Study shows targeted interventions can reduce gender violence

Results from a programme run in urban informal settlements in eThekwini look promising

Photo of Rachel Jewkes

Dr Rachel Jewkes, the director at What Works to Prevent Violence Against Women & Girls Global Programme, speaking at the Sexual Violence Research Initiative conference held in Cape Town. Photo: Elsabé Brits

By Elsabé Brits

30 October 2019

Physical and sexual violence against women can be reduced, but it takes intensive work, research recently accepted for publication in the Journal of Adolescent Health has suggested.

An intervention that shows promise was undertaken in urban informal settlements in eThekwini Municipality, one of 15 global interventions by What Works to Prevent Violence Against Women & Girls Global Programmes.

Prof Rachel Jewkes, Executive Scientist at the South African Medical Research Council and Director at What Works, said those providing the interventions are peers who already support non-violence and gender equality and become role models for the group.

These kinds of interventions are particularly difficult in informal settlements, said Jewkes. “This is why we are especially excited at the results of the evaluation of the project delivered by Project Empower in eThekwini.

“In these areas the prevalence of violence is much higher than in the general population in South Africa, with for example a third of women in the study reporting rape by a man who wasn’t a partner in the year prior to the interview.

“Interventions like ours can provide an important contribution to this context, but eliminating the grinding poverty and unemployment faced by people living in these areas, which drive violence, is exceptionally important.”

The Stepping Stones and Creating Futures intervention in eThekwini involved 646 men and 676 women. The participants were not couples, were not formally employed and were between the ages of 18 and 30.

At the start of the project men’s perpetration of severe intimate partner violence stood at over 55%. After 24 months it was found to have dropped to 41%. Similarly, sexual violence fell from over 30% to 22%, and physical violence was reduced from 50% to 37%. Controlling behaviour by men towards women did not change.

A limitation of the study is that the use of violence was self-reported by men. Future studies may try and recruit couples to assess whether men’s self-reports are validated by women’s reported experiences, as there is a risk of social desirability in reporting, the study concludes.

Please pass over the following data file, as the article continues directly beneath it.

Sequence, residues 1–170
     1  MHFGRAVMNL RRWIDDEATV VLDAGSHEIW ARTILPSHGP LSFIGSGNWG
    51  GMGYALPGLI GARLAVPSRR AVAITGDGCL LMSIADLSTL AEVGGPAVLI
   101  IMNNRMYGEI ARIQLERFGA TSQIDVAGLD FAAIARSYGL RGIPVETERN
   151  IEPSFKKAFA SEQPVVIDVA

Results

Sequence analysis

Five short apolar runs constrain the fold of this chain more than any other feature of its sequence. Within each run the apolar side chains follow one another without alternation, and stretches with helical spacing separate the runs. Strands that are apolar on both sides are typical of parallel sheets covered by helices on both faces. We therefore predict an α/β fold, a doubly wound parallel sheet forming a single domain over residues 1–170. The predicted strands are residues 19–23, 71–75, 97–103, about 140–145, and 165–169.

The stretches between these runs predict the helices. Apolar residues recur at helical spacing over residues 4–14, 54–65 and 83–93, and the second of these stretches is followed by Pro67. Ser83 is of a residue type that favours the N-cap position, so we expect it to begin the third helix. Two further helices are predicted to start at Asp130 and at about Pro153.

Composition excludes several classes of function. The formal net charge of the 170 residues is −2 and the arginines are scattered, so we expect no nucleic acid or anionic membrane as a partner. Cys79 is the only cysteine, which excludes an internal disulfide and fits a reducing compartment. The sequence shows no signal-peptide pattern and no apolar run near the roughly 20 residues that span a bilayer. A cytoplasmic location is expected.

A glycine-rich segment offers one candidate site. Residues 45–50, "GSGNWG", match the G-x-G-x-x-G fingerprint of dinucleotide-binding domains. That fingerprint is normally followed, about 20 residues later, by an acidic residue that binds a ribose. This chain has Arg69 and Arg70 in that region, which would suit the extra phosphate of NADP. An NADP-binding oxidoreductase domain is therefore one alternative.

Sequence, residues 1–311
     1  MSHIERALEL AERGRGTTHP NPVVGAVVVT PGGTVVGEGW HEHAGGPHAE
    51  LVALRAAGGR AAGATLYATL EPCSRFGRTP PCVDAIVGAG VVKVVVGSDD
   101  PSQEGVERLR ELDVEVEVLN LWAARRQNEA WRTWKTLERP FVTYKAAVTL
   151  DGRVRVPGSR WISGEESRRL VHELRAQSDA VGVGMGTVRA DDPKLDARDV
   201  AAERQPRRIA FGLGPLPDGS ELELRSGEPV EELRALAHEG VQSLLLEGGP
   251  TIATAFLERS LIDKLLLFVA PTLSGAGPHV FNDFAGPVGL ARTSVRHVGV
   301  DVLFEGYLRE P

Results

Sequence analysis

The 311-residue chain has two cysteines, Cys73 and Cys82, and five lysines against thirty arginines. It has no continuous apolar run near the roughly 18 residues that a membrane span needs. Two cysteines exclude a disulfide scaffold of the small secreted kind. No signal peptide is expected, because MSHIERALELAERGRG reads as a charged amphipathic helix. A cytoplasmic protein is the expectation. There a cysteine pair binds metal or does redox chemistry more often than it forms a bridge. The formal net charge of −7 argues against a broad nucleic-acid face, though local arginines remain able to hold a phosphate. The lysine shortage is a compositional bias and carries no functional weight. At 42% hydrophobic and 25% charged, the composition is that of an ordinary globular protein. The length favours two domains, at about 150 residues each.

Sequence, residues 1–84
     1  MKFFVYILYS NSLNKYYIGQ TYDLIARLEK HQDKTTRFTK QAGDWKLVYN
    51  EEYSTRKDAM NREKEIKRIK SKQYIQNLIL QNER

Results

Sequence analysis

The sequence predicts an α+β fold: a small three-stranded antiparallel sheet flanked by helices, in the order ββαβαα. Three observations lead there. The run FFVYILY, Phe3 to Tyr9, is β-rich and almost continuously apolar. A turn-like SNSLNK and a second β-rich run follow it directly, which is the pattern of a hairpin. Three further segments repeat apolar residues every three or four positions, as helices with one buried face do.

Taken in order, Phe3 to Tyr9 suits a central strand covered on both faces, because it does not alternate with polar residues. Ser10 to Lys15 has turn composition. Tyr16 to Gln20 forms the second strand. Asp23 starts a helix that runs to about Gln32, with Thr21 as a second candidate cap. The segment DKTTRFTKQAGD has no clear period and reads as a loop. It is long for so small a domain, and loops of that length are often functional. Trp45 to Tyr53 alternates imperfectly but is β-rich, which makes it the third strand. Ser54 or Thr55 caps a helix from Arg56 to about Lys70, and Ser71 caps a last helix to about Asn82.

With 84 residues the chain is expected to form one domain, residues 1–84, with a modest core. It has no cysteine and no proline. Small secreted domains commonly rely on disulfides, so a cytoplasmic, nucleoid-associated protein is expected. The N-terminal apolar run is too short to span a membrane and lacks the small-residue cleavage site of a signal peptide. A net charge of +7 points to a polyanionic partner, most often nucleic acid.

According to the study, there was no impact on women’s experiences of intimate partner violence, but women’s livelihoods were significantly improved. They managed to save more and earn more.

There was also a significant reduction of men’s alcohol use, even though it was not a target of the intervention.

Stepping Stones and Creating Futures was implemented by Project Empower and evaluated by the South African Medical Research Council. While the What Works programme was implemented by a consortium led by the South African Medical Research Council, in partnership with the London School of Hygiene and Tropical Medicine and Social Development Direct.

The intervention, based on adult learning theories, such as discussion and critical reflection through group-based activities, aimed to transform gender attitudes and strengthen livelihoods.

Stepping Stones focuses on gender, relationships, violence and sexual health, while Creating Futures covers issues including setting livelihood goals, coping with crises, saving and spending, and getting and keeping jobs, within a sustainable livelihoods framework.

In total, the intervention consisted of 21 sessions, each three hours long, delivered twice a week to single sex groups of about 20. Intervention materials consisted of two printed manuals, and one workbook.

Jewkes said, “We can’t change patriarchy overnight because it is so deeply entrenched throughout the social institutions of our societies. The families, workplaces, education institutions, health sector and politics. What we have been able to do is to challenge the acceptability of the use of violence and to incrementally empower women and impact gender inequitable attitudes and norms.

“We accept that we are not instigating a gender revolution through this work, however much we may love to see that happen, but entrenched gender power is incrementally undermined by rolling back the use of violence, oppressive and unequal gender roles and attitudes driving the subjugation of women,” she said.